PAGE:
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New rules applicable to the audits conducted by the FSA

By Cristina Badea


On January 27, 2021, the Financial Supervisory Authority (“FSA”) adopted Regulation no. 4 regarding its audit activity (“Regulation no. 4/2021”) which repealed Regulation no. 11 of December 15, 2016 regarding the Authority’s periodical and unannounced audits (“Regulation no. 11/2016”). Regulation no. 4/2021 was published in the Romanian Official Gazette no. 106 of February 1, 2021, which marks its entry into force.

Enactment of procedural rules governing the permanent audit

As a brief reminder of the previous legal framework, although the FSA was empowered through Government Emergency Ordinance no. 93/2012 to conduct three types of audits (i.e. periodical, unannounced and permanent audits), only the procedures related to unannounced and periodical audits were covered by the previous Regulation no. 11/2016.

In its previous practice, the FSA would impose sanctions following supervisory activities, without a governing set of norms, which gave rise to challenges filed by the supervised entities against the measures or sanctions imposed by the FSA.

However, permanent audit is defined under Regulation no. 4/2021 as a ‘supervisory activity`,thus the confusion between the supervisory powers and the audit powers seems to persist under the newly enacted provisions.

Nevertheless, Regulation no. 4/2021 now also offers a legal framework for the conduct of permanent audits by the FSA. Such amendment was well overdue, and the insurance sector welcomes the amendment, as it provides for the tools aimed at ascertaining the lawfulness of the permanent audit and draws the limits for the authority when conducting such type of audits.

Regarding the provisions applicable to permanent audits, we mention the following:

  • The permanent audit is conducted by the FSA’s specialized departments having supervisory powers;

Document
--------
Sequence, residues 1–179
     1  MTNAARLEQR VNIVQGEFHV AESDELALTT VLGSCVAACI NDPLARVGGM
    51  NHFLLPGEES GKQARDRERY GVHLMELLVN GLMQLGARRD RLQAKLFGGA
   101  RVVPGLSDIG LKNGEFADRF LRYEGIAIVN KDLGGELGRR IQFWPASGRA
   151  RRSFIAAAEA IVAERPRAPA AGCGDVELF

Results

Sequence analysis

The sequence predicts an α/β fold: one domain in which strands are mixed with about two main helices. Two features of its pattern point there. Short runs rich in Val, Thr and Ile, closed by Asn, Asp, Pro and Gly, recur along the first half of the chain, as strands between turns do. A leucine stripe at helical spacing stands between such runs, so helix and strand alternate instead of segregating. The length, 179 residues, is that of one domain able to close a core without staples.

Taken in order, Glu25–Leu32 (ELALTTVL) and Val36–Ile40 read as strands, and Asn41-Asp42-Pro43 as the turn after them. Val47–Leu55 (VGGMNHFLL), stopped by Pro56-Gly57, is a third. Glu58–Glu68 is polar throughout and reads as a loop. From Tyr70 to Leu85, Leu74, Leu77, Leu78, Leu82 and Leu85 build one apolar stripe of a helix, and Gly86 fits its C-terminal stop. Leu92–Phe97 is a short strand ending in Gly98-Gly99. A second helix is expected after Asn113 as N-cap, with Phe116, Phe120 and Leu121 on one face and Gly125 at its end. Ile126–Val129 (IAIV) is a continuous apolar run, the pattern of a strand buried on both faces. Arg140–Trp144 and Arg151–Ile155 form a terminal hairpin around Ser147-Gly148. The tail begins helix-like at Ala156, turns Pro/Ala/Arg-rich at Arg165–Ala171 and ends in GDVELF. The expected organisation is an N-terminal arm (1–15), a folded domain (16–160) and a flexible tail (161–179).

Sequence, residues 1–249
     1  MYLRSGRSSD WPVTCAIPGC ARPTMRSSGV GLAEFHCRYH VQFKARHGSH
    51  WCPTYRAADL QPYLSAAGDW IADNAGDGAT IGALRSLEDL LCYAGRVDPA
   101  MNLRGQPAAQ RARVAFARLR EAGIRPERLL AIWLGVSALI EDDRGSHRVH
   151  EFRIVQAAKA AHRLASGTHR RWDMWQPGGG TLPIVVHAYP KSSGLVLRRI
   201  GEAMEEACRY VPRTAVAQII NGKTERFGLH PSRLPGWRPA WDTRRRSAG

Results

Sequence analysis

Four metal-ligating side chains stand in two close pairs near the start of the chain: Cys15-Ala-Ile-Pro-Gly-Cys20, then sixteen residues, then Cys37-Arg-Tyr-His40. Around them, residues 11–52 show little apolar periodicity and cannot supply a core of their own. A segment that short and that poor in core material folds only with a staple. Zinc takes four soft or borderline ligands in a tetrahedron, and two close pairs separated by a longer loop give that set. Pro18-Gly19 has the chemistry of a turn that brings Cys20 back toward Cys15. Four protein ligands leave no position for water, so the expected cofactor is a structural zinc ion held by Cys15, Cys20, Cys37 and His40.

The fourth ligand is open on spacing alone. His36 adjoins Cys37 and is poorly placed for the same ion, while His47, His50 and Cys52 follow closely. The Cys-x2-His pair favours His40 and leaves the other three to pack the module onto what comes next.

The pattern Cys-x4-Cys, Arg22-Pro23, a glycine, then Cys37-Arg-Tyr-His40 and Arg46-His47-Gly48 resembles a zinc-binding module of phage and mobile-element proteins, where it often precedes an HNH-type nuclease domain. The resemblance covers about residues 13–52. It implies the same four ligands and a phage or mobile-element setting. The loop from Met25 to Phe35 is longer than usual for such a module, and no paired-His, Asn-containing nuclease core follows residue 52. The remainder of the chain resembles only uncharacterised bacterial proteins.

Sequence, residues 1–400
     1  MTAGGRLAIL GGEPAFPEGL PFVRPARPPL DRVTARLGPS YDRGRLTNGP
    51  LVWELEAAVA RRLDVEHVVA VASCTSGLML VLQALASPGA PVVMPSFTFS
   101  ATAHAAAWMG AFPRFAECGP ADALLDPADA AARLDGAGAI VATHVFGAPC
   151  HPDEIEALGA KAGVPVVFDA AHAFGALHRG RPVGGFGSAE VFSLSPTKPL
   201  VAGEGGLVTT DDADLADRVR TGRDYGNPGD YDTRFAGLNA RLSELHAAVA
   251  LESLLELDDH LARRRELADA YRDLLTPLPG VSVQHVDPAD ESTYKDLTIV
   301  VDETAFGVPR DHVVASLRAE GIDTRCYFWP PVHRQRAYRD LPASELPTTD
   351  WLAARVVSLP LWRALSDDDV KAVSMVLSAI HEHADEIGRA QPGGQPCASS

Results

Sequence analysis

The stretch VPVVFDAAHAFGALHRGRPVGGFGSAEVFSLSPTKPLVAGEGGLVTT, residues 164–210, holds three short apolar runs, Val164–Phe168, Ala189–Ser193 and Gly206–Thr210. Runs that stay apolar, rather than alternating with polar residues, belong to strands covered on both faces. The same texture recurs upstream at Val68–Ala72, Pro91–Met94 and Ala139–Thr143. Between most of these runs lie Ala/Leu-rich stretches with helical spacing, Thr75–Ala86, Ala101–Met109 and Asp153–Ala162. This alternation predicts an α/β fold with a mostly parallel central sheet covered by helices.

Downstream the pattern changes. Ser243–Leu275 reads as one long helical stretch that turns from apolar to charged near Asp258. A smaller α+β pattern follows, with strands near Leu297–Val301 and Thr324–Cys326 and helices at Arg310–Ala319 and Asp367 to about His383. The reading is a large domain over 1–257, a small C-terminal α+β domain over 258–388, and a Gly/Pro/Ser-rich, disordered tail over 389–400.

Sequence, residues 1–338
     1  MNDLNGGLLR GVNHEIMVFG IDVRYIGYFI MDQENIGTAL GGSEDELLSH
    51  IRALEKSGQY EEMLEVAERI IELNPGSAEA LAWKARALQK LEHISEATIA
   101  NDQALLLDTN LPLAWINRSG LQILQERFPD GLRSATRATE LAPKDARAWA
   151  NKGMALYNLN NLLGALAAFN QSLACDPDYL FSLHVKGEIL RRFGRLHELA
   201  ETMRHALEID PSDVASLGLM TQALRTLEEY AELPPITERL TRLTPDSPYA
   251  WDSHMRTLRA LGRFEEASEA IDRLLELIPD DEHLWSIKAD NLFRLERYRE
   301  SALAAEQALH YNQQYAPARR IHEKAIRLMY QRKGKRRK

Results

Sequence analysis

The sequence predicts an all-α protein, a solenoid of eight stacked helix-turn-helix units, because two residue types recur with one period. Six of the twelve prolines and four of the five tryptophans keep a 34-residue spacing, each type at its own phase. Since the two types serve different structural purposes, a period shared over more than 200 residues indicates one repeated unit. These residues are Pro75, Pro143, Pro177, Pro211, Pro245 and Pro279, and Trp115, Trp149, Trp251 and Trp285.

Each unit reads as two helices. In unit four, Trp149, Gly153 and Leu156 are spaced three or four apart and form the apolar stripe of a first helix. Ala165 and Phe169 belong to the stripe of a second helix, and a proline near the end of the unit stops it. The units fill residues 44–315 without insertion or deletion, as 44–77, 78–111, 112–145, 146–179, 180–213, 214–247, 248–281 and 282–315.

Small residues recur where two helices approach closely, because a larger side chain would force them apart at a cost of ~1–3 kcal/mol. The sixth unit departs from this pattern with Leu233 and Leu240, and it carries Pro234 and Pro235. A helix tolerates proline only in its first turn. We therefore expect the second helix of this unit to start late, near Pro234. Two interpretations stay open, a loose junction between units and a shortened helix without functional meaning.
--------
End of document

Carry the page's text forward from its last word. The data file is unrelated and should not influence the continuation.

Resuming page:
• The supervised entities are under an obligation, according to art. 32 (3) of Regulation no. 4/2021, to provide the FSA with the requested information, and the liability for failure to do so lies with either the management of the supervised company, or with the responsible person thereof;
  • the findings of the permanent audit are registered within a permanent audit report (and not a minutes of the audit, as is the case for unannounced or periodical audits);
  • the insurer has the possibility to express a point of view or to raise objections against the permanent audit report, within 7 days since the receipt thereof (as opposed to the 14 working days timeframe provided for unannounced or periodical audits);

Within a maximum of 10 working days after the lapse of the time limit provided for the submission of the point of view/objections, the head of the FSA department presents the final note and his/her proposals to the Board of FSA, in view of deciding upon taking any measures or applying sanctions.

Amendments in connection to the unannounced and periodical audit

Regarding the amendments enacted in concern to unannounced or periodical audit, the following amendments are noteworthy:

  • Under Regulation no. 4/2021, the step related to the communication of the draft minutes of the audit was eliminated and the audited entity is no longer required to send its point of view in relation to the draft minute. As such, the procedure following the audit has been reverted to that existent prior to the amendments brought on August 12, 2020 by the entry into force of FSA Regulation no. 17/2020;
  • The introduction of the sampling procedure (in addition to the already existent sample survey), that allows the FSA to obtain a sample of data/documents/operations to audit and, eventually, to reach conclusions that may be generally applicable to the entirety of the data/documents/operations pool.

Finally, we point out that, unfortunately, the new regulation does not address the applicability of the proportionality principle within the audits led by the FSA. Consequently, while primary legislation enshrines the principle of proportionality, secondary legislation still does not provide any framework for the limits and applicability, in practice, of the principle. As such, the insurance companies are further relying on the guidelines published by the European Insurance and Occupational Pensions Authority in this respect.

For more information on how these changes could affect your business, please contact our experts.

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